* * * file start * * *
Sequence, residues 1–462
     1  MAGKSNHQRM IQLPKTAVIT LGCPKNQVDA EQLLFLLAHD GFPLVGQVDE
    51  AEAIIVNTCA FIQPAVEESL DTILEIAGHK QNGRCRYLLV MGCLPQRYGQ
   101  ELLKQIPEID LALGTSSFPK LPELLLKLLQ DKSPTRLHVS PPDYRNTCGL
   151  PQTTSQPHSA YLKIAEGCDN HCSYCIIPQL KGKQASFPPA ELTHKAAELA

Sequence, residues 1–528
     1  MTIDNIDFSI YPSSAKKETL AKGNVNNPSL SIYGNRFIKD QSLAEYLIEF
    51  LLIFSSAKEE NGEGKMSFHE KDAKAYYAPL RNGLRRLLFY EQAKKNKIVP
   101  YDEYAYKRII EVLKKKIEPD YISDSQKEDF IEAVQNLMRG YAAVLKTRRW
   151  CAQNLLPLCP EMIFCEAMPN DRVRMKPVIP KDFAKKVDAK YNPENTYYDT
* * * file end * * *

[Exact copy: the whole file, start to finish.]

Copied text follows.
Sequence, residues 1–462
     1  MAGKSNHQRM IQLPKTAVIT LGCPKNQVDA EQLLFLLAHD GFPLVGQVDE
    51  AEAIIVNTCA FIQPAVEESL DTILEIAGHK QNGRCRYLLV MGCLPQRYGQ
   101  ELLKQIPEID LALGTSSFPK LPELLLKLLQ DKSPTRLHVS PPDYRNTCGL
   151  PQTTSQPHSA YLKIAEGCDN HCSYCIIPQL KGKQASFPPA ELTHKAAELA

Sequence, residues 1–528
     1  MTIDNIDFSI YPSSAKKETL AKGNVNNPSL SIYGNRFIKD QSLAEYLIEF
    51  LLIFSSAKEE NGEGKMSFHE KDAKAYYAPL RNGLRRLLFY EQAKKNKIVP
   101  YDEYAYKRII EVLKKKIEPD YISDSQKEDF IEAVQNLMRG YAAVLKTRRW
   151  CAQNLLPLCP EMIFCEAMPN DRVRMKPVIP KDFAKKVDAK YNPENTYYDT